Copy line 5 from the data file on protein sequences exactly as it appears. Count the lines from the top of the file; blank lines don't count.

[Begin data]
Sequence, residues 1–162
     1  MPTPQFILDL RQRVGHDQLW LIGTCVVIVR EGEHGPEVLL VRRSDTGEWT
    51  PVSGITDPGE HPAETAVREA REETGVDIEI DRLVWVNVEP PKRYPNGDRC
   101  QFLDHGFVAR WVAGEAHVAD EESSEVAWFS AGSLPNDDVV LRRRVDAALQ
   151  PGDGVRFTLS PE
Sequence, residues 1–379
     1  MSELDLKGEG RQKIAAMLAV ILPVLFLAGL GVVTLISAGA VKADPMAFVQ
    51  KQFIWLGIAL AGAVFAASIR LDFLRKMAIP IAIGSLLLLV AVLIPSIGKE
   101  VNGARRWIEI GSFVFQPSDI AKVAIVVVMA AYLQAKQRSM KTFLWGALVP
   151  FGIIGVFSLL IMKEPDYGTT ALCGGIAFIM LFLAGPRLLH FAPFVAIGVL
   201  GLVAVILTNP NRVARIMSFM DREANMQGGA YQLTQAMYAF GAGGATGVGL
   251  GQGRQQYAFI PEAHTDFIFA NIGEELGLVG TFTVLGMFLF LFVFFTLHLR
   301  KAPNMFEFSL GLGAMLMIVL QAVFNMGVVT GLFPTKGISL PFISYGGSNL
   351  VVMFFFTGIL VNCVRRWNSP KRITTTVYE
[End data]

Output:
   151  PGDGVRFTLS PE